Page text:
During this time, people with Medicare can select or change their Medicare Part D prescription drug plan or change the way they get their Medicare coverage for 2012..
One week from tomorrow, December 7, marks the end of the Medicare Part D and Medicare Advantage annual Open Enrollment period, which started on October 15.
In a release, the National Council on Aging noted:
During this time, people with Medicare can select or change their Medicare Part D prescription drug plan or change the way they get their Medicare coverage for 2012.
Most of those who miss the December 7 deadline will have to wait until next year's annual Open Enrollment period - October 15- December 7, 2012 - to make any changes to their Medicare coverage for 2013. That means they could end up spending more in 2012 than if they review their options and make necessary changes now. The new dates were part of the recently passed Affordable Care Act, or health care reform.
"Plans change from year to year. It's important for people with Medicare to act now - review their current coverage, shop their plan options, and make any changes by December 7," said Nora Dowd Eisenhower, vice president, Benefits Access Group, and director of the National Center for Benefits Outreach and Enrollment. "This way, they will be in a plan come January 1, and for the rest of 2012, that best meets their individual financial and health needs."
NCOA Online Resources Can Help You
With a suite of tools from the National Council on Aging (NCOA), people with Medicare can more easily determine which plan best fits their needs and budget, and find other assistance to help them pay for prescription and health care costs.
My Medicare Matters (MyMedicareMatters.org) gives Medicare consumers the information they need to review their drug plan and other choices for 2012, so they have what they need to be savvy Medicare consumers. Consumers can find a guide to decision-making and helpful worksheets for selecting a drug plan. They can also learn about Medicare, including the decisions they must make when they are first eligible.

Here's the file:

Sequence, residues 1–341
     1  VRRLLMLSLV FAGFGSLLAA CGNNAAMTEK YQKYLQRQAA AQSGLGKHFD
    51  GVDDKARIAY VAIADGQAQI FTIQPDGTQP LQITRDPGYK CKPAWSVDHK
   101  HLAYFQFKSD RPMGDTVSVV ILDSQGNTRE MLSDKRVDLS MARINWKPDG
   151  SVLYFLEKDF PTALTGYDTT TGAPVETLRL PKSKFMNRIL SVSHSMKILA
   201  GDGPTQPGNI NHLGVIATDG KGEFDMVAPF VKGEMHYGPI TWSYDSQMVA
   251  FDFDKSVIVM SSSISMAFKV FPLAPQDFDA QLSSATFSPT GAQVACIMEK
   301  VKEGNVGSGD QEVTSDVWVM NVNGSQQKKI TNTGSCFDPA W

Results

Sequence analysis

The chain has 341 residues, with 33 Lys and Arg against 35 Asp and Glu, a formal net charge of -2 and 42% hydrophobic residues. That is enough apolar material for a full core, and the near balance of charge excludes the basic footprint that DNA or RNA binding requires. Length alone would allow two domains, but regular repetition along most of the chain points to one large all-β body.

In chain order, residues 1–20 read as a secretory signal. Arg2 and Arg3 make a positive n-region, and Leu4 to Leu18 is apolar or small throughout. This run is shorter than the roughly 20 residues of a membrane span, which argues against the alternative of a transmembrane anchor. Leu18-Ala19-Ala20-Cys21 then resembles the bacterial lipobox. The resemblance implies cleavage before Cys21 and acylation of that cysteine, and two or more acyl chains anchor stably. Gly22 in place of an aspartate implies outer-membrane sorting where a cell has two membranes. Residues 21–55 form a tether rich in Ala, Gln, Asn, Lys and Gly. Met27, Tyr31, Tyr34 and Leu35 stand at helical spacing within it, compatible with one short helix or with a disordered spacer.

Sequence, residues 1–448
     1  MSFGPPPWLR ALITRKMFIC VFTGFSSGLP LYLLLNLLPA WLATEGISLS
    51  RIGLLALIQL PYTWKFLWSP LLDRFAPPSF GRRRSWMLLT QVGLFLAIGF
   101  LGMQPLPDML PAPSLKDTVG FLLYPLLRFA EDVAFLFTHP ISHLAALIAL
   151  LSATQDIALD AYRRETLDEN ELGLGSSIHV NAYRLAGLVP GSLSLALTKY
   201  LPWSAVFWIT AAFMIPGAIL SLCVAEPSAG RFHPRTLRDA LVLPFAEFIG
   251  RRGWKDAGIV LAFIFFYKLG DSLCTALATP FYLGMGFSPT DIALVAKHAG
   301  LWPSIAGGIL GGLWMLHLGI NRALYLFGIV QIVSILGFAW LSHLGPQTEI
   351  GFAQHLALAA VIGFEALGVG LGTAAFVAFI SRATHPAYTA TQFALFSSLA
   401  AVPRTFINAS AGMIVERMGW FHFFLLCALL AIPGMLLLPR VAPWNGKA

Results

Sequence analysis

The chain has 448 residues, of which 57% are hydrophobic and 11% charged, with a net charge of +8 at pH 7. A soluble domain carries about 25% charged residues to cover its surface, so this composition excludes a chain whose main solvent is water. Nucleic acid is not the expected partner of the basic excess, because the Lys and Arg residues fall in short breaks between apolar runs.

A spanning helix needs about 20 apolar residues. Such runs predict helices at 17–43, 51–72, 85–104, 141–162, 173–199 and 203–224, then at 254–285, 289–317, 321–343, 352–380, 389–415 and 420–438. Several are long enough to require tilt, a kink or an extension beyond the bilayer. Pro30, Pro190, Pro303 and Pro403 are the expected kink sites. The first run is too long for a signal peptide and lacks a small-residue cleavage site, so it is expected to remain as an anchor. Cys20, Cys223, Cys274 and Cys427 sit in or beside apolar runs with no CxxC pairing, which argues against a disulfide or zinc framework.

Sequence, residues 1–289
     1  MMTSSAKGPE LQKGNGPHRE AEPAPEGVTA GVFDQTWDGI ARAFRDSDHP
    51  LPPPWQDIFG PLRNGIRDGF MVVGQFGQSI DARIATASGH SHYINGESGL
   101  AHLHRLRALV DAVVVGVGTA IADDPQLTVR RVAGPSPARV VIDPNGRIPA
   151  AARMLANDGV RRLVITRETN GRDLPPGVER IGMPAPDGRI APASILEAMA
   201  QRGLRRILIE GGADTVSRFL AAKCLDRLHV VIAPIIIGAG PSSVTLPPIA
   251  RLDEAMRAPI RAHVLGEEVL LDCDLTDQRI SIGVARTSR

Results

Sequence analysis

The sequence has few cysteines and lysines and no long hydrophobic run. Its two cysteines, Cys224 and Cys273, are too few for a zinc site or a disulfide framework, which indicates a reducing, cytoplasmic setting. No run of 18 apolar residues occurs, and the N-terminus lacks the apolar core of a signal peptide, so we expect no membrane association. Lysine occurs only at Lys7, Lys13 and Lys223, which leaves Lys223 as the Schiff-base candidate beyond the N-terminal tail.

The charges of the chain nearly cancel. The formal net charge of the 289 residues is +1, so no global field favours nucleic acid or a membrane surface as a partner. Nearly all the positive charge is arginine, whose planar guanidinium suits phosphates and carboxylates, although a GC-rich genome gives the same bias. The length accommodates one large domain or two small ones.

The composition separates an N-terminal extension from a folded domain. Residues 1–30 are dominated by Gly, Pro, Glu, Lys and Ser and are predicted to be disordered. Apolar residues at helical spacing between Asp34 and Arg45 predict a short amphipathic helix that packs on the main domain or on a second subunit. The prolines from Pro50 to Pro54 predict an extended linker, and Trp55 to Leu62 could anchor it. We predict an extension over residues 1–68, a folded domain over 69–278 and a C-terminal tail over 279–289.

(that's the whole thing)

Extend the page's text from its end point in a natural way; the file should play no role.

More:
My Medicare Matters also offers detailed and practical information on two programs that help low-income people afford Medicare - the Medicare Savings Programs and the Medicare Part D Low- Income Subsidy (LIS)/Extra Help. In addition to providing information online, the site gives users local referrals, so they can find further assistance on Medicare and other benefits and services in their communities. My Medicare Matters is funded in part by AstraZeneca Pharmaceuticals.
The annual Open Enrollment period is also a great time for people with Medicare to use BenefitsCheckUp, NCOA's free and confidential online screening service (BenefitsCheckUp.org). Here, they can learn about changes to Medicare Part D and the Low-Income Subsidy/Extra Help and also discover whether they may qualify for additional benefits that can help them pay for prescription drugs, health care, and other household costs.
The National Council on Aging is a nonprofit service and advocacy organization headquartered in Washington, DC. NCOA is a national voice for millions of older adults - especially those who are vulnerable and disadvantaged - and the community organizations that serve them.
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